App Sales Data Between Demo and Paid Versions Compared
David Frampton from Majic Jungle Software has shared an interesting graph that shows how sales of his game Chopper (iTunes Link) have been increased by the release of a free version, Chopper Lite (iTunes Link).
It’s an interesting move. Chopper has been around for a while, it was first released in late August, 2008. Chopper has also spent quite a bit of time in the top 100 lists. It peaked at number 2 in all paid apps in the US, and spent 9 days as the number 2 paid game during the Christmas/New Year time frame. A great time to be on the top lists with all of the new devices and people with gift cards to spend.
But, that was months ago. Sales, while never disappearing, had started to fall from their peak. So David decided to release a free demo version, Chopper Lite. A smart move if the example of some other games are any example. iShoot rode to number one on the games and all paid apps lists in the US, many believe, due to it’s demo version. Similarly, Fast Lane Racing also saw a boost in sales once they released a free version of their app.
So, with that, releasing a demo version seems to make sense. It requires a minimal investment. You do risk the chance of diluting the sales of your app. But if a demo version of the app is done properly, it’s a kind of taste for the app and just increases the interest of the customer for the paid version. Deciding how much to put in your demo version is a tough topic, and one we’ll have to discuss at another time.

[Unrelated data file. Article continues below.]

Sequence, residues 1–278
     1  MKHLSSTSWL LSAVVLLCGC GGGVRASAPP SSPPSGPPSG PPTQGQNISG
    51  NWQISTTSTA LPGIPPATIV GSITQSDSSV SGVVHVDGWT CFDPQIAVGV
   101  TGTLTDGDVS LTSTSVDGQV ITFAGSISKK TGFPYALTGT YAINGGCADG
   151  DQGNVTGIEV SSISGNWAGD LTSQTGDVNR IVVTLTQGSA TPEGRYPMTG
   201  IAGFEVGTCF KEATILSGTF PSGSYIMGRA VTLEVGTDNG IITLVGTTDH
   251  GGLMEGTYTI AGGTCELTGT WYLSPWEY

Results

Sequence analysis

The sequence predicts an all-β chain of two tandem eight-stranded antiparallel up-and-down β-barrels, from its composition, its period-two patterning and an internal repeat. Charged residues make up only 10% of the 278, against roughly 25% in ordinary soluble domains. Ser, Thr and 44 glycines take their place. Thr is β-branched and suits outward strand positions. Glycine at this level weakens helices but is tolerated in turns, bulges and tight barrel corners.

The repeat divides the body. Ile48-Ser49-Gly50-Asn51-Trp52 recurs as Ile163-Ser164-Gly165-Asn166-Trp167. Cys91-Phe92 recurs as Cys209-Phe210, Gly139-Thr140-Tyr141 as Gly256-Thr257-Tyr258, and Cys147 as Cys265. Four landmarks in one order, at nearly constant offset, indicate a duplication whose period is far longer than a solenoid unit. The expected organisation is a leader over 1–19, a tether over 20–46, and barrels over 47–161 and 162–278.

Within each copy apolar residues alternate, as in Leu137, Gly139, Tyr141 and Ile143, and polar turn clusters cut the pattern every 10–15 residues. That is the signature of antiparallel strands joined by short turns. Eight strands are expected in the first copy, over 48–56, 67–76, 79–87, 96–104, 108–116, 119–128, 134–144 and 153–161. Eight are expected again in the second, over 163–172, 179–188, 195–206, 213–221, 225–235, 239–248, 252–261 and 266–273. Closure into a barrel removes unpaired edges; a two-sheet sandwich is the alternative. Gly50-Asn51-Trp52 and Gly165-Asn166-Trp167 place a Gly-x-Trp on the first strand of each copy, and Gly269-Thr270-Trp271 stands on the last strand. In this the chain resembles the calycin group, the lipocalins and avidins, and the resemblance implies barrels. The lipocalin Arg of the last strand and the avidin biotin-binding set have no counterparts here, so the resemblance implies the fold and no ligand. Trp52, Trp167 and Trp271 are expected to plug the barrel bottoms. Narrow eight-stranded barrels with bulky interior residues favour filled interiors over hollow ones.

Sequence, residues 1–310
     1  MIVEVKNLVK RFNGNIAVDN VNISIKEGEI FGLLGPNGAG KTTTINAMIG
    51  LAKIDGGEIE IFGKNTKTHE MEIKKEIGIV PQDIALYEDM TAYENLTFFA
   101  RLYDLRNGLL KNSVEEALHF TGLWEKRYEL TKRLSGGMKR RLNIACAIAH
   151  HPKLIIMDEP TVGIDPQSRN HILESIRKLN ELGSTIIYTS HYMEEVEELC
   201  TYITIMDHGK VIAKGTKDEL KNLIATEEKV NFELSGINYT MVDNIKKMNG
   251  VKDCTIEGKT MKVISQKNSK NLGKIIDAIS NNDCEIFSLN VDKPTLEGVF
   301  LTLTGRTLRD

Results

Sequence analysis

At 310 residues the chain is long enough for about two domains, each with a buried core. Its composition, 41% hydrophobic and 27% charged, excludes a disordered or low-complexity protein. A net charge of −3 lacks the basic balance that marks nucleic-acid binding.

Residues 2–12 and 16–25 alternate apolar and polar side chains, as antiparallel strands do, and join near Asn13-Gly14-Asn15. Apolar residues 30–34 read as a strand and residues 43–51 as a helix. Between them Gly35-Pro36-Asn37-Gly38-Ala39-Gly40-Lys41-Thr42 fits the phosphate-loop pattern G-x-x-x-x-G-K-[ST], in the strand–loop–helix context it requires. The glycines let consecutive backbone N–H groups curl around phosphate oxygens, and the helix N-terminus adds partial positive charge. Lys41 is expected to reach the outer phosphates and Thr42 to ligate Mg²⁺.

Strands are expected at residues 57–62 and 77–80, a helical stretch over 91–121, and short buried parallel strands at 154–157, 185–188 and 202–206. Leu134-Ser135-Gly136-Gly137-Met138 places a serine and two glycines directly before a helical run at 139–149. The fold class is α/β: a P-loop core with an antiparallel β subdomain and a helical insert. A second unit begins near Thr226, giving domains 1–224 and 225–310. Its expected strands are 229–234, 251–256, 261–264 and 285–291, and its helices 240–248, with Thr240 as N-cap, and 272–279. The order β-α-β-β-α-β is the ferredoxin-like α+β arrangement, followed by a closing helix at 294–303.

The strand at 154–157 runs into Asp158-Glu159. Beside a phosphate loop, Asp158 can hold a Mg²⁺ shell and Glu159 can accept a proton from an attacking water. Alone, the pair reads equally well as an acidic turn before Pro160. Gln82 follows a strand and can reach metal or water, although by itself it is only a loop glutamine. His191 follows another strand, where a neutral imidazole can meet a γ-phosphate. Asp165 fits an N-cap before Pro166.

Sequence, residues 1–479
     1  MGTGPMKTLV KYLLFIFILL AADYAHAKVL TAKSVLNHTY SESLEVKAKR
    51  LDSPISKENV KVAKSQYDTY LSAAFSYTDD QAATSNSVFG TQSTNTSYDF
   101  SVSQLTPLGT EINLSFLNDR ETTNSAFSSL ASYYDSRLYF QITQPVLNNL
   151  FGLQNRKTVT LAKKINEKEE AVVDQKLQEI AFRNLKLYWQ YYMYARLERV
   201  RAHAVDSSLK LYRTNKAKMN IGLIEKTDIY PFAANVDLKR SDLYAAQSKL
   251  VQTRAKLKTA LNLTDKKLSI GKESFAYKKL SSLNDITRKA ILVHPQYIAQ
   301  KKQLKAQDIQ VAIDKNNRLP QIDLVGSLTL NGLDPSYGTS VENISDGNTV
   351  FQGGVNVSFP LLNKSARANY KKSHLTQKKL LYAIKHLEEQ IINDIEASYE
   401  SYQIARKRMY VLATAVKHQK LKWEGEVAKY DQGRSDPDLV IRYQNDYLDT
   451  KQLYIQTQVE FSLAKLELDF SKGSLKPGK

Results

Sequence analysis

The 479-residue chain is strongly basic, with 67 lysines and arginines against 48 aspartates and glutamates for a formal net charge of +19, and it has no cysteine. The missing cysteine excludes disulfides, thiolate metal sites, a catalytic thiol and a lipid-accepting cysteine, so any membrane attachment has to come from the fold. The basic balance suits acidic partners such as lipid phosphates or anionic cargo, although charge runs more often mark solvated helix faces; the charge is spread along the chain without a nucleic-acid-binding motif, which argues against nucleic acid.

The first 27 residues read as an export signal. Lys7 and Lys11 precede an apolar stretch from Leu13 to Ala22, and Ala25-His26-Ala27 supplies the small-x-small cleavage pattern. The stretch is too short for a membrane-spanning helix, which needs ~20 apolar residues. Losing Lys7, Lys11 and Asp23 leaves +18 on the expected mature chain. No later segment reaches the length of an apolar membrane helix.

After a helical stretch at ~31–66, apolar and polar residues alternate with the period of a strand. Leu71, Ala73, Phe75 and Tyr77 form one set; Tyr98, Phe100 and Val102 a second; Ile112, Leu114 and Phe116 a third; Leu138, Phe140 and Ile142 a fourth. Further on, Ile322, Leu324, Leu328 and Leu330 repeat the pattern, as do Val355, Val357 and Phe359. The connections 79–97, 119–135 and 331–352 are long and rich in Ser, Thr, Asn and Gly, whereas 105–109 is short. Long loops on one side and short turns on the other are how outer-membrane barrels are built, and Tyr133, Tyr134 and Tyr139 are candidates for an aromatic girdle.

The graph below shows a month of sales for both versions of Chopper starting out on the date the free version, Chopper Lite (yellow line) was released. At the time of release, you can see that the paid version of Chopper (blue line) was selling around 300 copies / day and increased to a peak of just over 800/day during this month. The scale on the left is the download count of the free version.
The graph shows that the release of the demo version had an immediate impact on the paid version, easily doubling sales in less than a week. The interesting thing is the direct correlation of the free version downloads to the paid version download. When one does better, so does the other. The spikes, mainly come on weekends.
Also notice how the paid version sales slowly come down after a peak in the free version downloads. “Whenever I download a lite version it usually takes weeks before I then buy the full version. I’d say that is exactly what is going on here, the lite version is having a more long term effect, despite having peaked in downloads some time ago.”, theorized David on this trend. A theory that seems sound. It could also have to do with how long it takes a user to complete everything they have available to them in the demo version. Once they are done with the demo they will decide if they want to just replay the demo, delete it, or hopefully, purchase the full version.
David also notes that Chopper and Chopper Lite have been far more popular in Germany than any other country. Some days sales of Chopper in Germany have outnumbered the sales in the US.
This, of course, is just an example. Releasing a demo version will not work for everyone but shows that having a demo version can be beneficial. In this specific case, David released a demo version at just the right time. Both for the sales level of his game, and for the market at the time. Thanks, David, for sharing this info.